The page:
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The Scarlet & Black

Ratboys and Dowsing kick off Grinnell Concerts

Ratboys and Dowsing filled Gardner on Tuesday night. Photo by Garrett Wang
Ratboys and Dowsing filled Gardner on Tuesday night. Photo by Garrett Wang
Ratboys and Dowsing filled Gardner on Tuesday night. Photo by Garrett Wang

Halley Freger

Grinnell Concerts hosted its first show of the semester on Tuesday, Sept. 6 as Ratboys and Dowsing kicked off what is sure to be an exciting fall lineup.

Ratboys started off the night with an energetic set of garage-infused indie folk. Though the name Ratboys may inspire thoughts of some dudes who live in a sewer, Julia Steiner, a powerhouse musician whose sweet voice commands attention, fronts the band.

Ratboys began their set by playing through tracks off of their latest album “AOID” in order. As the night went on, they mixed new material with songs that show off their range of subject — one song was about Arthurian literature, another was about being a “lady rocker.”

While the band played, they seemed very serious — intensely concentrated on their instruments. They kept their eyes closed and sometimes mouthed along with the lyrics. Even they were susceptible to the captivating nature of the music they play.

Although they may look and sound very serious, their music is also playful. When Julia introduced a new song called “You’ve Changed,” about her friend’s resistance to play along with a joke, she explained “she would have done it like six months ago.” Julia had tried to “ice” her friend — a game when one friend hides a bottle of Smirnoff Ice on someone who then has to chug the whole bottle when it’s found.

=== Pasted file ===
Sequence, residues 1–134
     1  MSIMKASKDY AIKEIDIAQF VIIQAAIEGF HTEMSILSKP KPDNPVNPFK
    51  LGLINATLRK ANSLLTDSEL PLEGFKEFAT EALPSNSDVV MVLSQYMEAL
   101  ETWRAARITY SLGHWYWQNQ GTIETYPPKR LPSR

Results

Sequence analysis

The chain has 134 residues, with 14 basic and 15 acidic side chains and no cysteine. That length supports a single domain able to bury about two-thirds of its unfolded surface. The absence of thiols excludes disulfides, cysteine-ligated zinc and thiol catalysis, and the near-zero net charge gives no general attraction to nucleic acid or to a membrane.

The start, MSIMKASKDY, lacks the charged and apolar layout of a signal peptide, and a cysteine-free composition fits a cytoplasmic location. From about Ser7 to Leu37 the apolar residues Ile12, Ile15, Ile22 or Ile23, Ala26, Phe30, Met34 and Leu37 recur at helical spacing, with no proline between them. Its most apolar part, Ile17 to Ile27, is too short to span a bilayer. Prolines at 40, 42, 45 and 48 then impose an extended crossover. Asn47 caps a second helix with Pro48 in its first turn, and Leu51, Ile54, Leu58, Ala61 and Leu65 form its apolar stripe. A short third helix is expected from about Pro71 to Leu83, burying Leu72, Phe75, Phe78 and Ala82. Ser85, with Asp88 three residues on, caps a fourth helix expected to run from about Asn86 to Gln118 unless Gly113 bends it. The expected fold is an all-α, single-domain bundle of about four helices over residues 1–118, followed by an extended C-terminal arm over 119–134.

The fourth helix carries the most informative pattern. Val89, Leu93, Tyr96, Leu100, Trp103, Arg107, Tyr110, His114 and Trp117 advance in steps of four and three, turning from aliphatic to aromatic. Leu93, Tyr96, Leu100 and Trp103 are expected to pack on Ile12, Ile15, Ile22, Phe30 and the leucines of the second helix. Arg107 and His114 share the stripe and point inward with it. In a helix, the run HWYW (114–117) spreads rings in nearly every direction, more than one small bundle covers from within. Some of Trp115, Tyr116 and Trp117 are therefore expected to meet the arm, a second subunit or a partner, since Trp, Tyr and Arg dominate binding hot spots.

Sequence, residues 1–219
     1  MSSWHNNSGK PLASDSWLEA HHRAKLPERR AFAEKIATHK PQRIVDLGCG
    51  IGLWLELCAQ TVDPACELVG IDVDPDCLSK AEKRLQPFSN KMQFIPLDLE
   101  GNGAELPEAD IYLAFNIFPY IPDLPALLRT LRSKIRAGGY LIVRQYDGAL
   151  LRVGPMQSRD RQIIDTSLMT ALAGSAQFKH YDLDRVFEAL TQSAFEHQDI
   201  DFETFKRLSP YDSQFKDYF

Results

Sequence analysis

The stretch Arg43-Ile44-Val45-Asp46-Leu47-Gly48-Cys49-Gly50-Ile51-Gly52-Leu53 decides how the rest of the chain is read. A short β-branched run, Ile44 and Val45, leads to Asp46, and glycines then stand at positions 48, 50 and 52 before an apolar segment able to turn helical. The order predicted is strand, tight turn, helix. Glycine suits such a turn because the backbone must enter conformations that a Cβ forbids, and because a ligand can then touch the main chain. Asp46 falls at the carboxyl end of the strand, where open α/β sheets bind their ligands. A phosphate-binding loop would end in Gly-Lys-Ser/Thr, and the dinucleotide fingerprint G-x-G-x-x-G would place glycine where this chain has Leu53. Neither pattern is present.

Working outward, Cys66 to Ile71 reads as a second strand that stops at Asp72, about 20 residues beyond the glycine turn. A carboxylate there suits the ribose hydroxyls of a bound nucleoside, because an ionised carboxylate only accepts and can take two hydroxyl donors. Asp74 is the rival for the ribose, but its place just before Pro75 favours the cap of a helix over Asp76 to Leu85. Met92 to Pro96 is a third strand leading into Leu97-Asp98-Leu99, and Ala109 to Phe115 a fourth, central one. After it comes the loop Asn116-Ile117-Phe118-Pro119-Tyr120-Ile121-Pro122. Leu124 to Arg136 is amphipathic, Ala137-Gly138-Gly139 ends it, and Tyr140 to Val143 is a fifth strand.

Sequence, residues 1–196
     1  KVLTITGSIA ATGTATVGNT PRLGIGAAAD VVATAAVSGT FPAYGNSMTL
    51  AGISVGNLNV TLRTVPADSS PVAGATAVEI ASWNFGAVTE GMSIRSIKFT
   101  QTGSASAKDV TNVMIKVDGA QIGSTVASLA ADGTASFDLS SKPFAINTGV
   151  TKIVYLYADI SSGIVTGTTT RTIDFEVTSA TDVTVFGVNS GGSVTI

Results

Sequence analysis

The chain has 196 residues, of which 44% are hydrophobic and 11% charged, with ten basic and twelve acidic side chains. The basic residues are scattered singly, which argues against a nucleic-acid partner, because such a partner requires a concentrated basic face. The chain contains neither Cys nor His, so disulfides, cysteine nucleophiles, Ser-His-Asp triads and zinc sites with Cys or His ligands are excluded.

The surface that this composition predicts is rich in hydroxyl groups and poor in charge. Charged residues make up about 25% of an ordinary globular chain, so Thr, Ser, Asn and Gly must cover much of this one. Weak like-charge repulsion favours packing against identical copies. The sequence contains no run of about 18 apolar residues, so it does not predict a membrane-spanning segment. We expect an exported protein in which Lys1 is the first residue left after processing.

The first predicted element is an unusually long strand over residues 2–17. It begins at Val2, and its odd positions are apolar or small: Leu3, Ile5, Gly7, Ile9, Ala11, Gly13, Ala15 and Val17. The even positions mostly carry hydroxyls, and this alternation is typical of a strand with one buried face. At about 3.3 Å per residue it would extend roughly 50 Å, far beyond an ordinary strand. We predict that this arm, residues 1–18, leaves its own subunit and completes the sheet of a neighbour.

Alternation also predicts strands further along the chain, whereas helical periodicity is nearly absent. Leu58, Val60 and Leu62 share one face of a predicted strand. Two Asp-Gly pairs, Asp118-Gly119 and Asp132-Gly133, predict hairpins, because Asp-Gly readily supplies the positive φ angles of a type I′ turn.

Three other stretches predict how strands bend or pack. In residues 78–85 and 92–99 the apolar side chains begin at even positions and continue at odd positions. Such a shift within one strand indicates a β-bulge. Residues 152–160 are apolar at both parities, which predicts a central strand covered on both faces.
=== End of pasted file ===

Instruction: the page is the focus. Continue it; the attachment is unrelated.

Whether it’s a song about the inequality women musicians face or growing apart from a friend, their music has a refreshing levity to it.

Dowsing followed up Ratboys’s set with their brand of fast, fun pop punk. Before playing, guitarist Eric Hunter Czaja announced that he has a master degree (in urban planning!), so he’s had enough of school. Although the band kept the mood light throughout their performance, they played through their set like emo machines, barely breaking between songs. Their high energy was contagious as they skillfully plowed through a selection of their newer material.

At one point, an audience member requested “Midwest Living.” a song off their 2012 release “It’s Still Pretty Terrible,” and they briefly took a moment to remember their parts before playing the unrehearsed song. Something about this particular album — it’s brooding yet determined lyrics, Midwest themes and partially screamed vocals — feels especially perfect in the context of Grinnell. Honestly, is there anything more emo than going to school in the middle of cornfields?

Although Ratboys and Dowsing have very different sounds, they are no strangers to each other. Not only are they both from Chicago, but they share a member. Will Lange plays the drums in Dowsing and the bass in Ratboys. By the end of the night, he was drenched in sweat after pulling a Springsteen and playing for about two hours straight.

This week, Ratboys and Dowsing are releasing a split 7 inch on Topshelf Records and beginning a European tour together. They’re going straight from our little Gardener basement in the middle of Iowa to Poland.

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